Universal Kinship
London, 1906
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[T]he complete denial by human animals of ethical relations to the rest of the animal world is a phenomenon not differing either in character of cause from the denial of ethical relations by a tribe, people, or race of human beings to the rest of the human world. The provincialism of Jews toward non-Jews, of Greeks toward non-Greeks, of Romans toward non-Romans, of Moslems toward non-Moslems, and of Caucasians toward non-Caucasians, is not one thing, and the provincialism of human beings toward non-human beings another. They are all manifestations of the same thing. The fact that these various actions are performed by different individuals and upon different individuals, and are performed at different times and places, does not invalidate the essential sameness of their natures. Crimes are not classified (except by savages or their immediate derivatives) according to the similarity of those who do them or those who suffer from them, but by grouping them according to the similarity of their intrinsic qualities. All acts of provincialism consist essentially in the disinclination or inability to be universal, and they belong in reality, all of them, to the same species of conduct. There is, in fact, but one great crime in the universe, and most of the instances of terrestrial wrong-doing are instances of this crime. It is the crime of exploitation—the considering by some beings of themselves as ends, and of others as their means—the refusal to recognize the equal, or the approximately equal, rights of all to life and its legitimate rewards—the crime of acting toward others as one would that others would not act toward him. For millions of years, almost ever since life began, this crime has been committed, in every nook and quarter of the inhabited globe.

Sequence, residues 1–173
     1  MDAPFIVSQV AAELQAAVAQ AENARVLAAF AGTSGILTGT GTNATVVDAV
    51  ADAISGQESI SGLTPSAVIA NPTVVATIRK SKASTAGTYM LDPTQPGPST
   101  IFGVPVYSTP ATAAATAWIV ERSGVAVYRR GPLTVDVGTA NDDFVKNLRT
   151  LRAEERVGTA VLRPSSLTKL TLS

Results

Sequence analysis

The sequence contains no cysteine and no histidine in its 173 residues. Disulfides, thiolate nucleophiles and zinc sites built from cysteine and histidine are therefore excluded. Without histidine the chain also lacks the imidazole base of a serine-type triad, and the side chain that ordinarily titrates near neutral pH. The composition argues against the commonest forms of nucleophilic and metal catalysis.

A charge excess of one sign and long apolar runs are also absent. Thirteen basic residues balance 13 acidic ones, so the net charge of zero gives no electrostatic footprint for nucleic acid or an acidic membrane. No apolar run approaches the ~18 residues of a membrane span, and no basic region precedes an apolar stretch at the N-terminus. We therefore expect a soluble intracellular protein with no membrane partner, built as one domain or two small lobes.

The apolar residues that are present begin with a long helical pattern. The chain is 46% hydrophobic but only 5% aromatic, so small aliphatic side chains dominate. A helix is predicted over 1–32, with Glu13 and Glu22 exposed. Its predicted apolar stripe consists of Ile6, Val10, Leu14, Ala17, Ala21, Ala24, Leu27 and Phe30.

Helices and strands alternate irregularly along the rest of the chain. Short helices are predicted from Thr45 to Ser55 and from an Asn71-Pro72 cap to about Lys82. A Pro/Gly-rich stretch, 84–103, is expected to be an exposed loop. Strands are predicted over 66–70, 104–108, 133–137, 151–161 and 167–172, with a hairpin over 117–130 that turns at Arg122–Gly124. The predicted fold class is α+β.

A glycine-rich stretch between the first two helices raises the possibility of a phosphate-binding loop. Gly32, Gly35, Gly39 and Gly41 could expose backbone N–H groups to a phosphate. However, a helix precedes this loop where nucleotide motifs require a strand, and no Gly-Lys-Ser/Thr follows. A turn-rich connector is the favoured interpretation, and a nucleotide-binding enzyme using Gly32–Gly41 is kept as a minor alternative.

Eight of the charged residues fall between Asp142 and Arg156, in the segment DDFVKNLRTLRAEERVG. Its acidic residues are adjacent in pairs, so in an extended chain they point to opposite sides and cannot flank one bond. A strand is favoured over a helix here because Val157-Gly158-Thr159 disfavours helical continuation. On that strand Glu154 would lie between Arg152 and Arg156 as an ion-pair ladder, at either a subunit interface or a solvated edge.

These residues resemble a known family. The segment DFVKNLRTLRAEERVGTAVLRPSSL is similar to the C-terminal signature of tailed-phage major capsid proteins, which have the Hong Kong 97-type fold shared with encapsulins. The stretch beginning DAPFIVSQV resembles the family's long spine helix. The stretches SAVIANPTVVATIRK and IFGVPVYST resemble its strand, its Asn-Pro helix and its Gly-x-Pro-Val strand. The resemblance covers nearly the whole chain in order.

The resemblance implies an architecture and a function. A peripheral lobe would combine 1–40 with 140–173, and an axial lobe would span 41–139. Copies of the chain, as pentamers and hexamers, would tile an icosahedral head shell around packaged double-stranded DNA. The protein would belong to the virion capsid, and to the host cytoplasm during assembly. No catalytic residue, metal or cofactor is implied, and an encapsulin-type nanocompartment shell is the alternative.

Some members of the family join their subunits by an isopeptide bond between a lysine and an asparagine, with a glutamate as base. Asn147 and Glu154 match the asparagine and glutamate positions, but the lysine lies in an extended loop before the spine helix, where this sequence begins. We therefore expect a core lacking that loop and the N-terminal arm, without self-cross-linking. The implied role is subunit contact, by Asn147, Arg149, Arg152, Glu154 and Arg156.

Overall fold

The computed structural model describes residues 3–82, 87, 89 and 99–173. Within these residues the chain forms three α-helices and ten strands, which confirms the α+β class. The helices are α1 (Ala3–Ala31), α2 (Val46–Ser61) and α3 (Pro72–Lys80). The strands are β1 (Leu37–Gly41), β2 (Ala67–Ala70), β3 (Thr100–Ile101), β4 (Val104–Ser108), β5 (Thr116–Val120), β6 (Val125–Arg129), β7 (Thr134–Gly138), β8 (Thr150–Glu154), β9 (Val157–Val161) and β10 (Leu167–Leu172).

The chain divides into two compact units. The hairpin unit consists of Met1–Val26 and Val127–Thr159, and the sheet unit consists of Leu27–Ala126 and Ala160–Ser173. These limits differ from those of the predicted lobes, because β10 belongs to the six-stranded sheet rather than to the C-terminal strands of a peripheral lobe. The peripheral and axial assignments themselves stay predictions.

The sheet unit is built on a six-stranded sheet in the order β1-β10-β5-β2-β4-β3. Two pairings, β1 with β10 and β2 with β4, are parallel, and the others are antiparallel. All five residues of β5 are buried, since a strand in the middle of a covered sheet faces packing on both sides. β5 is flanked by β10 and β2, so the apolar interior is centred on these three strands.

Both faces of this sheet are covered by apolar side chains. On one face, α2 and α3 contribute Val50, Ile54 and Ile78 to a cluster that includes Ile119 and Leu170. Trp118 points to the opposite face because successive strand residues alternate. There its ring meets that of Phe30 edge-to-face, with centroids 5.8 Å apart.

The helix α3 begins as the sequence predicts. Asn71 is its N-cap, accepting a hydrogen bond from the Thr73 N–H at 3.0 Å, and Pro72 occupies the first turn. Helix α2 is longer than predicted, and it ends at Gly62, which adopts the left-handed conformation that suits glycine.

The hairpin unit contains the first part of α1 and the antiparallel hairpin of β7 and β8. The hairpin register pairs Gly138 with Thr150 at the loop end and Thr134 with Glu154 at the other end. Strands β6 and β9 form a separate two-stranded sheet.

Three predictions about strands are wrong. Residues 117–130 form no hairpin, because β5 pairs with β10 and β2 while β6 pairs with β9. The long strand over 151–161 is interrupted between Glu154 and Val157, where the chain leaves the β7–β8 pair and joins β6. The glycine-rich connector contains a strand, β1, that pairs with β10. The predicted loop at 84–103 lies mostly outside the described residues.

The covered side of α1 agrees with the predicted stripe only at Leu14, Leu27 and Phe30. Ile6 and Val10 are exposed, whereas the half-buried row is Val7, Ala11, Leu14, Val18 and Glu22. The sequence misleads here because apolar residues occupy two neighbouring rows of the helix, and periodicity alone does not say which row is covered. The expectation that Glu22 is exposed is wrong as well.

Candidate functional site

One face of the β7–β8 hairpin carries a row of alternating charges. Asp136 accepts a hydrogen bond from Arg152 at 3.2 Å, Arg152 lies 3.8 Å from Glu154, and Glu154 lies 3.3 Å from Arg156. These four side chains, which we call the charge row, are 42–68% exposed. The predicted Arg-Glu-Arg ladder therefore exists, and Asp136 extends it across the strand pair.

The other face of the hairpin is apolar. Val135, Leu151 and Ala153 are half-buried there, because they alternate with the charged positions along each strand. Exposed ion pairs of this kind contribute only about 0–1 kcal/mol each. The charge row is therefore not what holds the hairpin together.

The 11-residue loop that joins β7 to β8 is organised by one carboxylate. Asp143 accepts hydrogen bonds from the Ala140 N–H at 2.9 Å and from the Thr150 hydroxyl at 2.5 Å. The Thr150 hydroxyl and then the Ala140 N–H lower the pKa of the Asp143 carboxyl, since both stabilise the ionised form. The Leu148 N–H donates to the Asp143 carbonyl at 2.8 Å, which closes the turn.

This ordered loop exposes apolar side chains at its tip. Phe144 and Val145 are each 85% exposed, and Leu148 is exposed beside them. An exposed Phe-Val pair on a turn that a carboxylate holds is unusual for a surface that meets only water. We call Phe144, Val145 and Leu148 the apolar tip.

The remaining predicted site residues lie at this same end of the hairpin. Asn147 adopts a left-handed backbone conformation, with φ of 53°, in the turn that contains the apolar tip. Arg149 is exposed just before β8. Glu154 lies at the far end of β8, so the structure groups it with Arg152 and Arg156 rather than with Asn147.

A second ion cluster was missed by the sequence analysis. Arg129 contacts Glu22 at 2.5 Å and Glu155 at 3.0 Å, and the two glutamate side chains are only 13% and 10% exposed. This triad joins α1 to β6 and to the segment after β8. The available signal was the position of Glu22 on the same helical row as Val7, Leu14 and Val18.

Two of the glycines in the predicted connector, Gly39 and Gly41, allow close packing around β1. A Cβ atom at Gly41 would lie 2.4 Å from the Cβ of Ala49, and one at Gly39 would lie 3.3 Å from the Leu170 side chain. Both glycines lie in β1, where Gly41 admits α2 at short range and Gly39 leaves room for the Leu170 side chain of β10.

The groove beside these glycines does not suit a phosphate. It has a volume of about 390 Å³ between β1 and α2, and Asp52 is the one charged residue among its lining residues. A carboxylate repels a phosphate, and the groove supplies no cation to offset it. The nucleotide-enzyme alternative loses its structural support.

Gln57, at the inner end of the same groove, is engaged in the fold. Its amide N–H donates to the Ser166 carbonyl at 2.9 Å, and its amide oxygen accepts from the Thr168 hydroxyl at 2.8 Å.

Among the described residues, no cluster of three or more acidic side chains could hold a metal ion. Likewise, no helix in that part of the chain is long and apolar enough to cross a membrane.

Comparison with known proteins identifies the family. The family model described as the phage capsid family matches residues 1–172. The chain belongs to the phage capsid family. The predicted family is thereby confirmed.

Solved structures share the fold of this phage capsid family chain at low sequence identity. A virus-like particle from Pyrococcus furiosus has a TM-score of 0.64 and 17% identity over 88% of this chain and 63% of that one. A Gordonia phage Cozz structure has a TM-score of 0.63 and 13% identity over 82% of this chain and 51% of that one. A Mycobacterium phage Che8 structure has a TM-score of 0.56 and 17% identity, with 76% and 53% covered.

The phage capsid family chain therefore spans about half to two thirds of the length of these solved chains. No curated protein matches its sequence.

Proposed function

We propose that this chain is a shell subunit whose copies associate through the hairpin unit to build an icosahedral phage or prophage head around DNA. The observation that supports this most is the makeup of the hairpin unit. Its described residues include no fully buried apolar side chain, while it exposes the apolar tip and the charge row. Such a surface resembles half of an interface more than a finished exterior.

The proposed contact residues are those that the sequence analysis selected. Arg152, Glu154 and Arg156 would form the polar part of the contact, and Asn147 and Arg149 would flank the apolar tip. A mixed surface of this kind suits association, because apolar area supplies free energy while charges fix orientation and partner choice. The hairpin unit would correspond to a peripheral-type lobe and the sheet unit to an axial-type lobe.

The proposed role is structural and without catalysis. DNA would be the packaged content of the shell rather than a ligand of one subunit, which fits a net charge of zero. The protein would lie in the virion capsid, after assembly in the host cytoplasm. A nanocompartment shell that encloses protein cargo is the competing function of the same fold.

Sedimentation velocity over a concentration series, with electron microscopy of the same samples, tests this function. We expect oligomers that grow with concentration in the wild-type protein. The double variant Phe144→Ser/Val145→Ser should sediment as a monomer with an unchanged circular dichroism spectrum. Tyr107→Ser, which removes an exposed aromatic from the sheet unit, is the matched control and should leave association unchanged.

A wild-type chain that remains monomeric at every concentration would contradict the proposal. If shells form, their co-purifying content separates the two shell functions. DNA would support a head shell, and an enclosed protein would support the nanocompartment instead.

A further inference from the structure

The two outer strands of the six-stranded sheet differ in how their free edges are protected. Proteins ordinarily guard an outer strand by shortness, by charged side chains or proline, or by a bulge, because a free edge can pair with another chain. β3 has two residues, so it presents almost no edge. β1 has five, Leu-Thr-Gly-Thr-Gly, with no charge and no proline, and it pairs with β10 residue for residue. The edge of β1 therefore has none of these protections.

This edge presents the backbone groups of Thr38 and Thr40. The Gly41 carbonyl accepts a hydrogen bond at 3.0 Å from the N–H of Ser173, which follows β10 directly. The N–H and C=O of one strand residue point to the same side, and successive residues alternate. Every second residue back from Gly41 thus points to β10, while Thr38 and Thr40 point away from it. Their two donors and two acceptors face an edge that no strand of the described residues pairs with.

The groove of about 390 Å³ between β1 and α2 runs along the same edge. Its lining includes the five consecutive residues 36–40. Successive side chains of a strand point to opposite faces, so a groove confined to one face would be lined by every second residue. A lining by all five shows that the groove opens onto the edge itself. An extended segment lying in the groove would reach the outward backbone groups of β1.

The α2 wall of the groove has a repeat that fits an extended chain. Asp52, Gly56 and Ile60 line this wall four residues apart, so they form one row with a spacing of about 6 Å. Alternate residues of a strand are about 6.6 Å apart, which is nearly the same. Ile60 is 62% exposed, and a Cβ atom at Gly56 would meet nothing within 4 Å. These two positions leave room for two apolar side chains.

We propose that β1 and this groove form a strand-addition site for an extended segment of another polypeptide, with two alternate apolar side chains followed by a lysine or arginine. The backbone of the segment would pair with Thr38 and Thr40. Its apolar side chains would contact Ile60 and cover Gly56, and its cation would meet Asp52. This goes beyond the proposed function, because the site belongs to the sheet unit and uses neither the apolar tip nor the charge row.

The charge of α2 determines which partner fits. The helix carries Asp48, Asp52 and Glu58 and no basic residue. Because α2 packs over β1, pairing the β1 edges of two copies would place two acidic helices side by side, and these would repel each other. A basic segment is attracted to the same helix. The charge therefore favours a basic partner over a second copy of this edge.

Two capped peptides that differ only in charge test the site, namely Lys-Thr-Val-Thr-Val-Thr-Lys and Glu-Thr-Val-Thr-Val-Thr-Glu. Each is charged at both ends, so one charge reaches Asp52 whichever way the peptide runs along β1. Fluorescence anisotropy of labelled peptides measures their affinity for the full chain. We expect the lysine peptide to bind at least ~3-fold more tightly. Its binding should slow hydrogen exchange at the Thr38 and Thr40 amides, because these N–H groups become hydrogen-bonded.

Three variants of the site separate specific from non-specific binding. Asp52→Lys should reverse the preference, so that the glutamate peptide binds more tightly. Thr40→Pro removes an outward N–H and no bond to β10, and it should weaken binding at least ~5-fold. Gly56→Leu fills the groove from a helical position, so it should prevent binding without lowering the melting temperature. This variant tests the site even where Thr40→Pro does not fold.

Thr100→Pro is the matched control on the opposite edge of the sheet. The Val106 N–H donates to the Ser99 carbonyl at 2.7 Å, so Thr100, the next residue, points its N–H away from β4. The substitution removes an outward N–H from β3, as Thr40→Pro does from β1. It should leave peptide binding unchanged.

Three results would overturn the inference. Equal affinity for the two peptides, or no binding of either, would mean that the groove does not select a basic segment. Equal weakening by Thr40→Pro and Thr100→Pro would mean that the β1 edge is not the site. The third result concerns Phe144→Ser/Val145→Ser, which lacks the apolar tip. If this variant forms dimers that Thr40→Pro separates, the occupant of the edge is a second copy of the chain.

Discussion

Every being is an end. In other words, every being is to be taken into account in determining the ends of conduct. This is the only consistent outcome of the ethical process which is in course of evolution on the earth. This world was not made and presented to any particular clique for its exclusive use or enjoyment. The earth belongs, if it belongs to anybody, to the beings who inhabit it—to all of them. And when one being or set of beings sets itself up as the sole end for which the universe exists, and looks upon and acts toward others as mere means to this end, it is usurpation, nothing else and never can be anything else, it matters not by whom or upon whom the usurpation is practiced. A tyrant who puts his own welfare and aggrandizement in the place of the welfare of a people, and compels the whole people to act as a means to his own personal ends, is not more certainly a usurper than is a species or variety which puts its welfare in the place of the welfare of all the inhabitants of a world. The refusal to put one self in the place of others and to act toward them as one would that they would act toward him does not depend for its wrongfulness upon who makes the refusal or upon whether the refusal falls upon this or that individual or set. Deeds are right and wrong in themselves; and whether they are right or wrong, good or evil, proper or improper, whether they should be done or should not be done, depends upon their effects upon the welfare of the inhabitants of the universe. The basic mistake that has ever been made in this egoistic world in the judging and classifying of acts has been the mistake of judging and classifying them with reference to their effects upon some particular fraction of the inhabitants of the universe. In pure egoism conduct is judged as good or bad solely with reference to the results, immediate or remote, which that conduct produces, or is calculated to produce, on the self. To the savage, that is right or wrong which affects favorably or unfavorably himself or his tribe. And this sectional spirit of the savage has, as has been shown, characterized the moral conceptions of the peoples of all times. The practice human beings have today—the practice of those (relatively) broad and emancipated minds who are large enough to rise above the petty prejudices and "patriotisms" of the races and corporations of men and are able to view "the world as their country" (the world of human beings, of course)—the practice such minds have of estimating conduct solely with reference to its effects upon the human species of animals is a practice which, while infinitely broader and more nearly ultimate than that of the savage, belongs logically in the same category with it. The partially emancipated human being who extends his moral sentiments to all the members of his own species, but denies to all other species the justice and humanity he accords to his own, is making on a larger scale the same ethical mess of it as the savage. The only consistent attitude, since Darwin established the unity of life (and the attitude we shall assume, if we ever become really civilized), is the attitude of universal gentleness and humanity.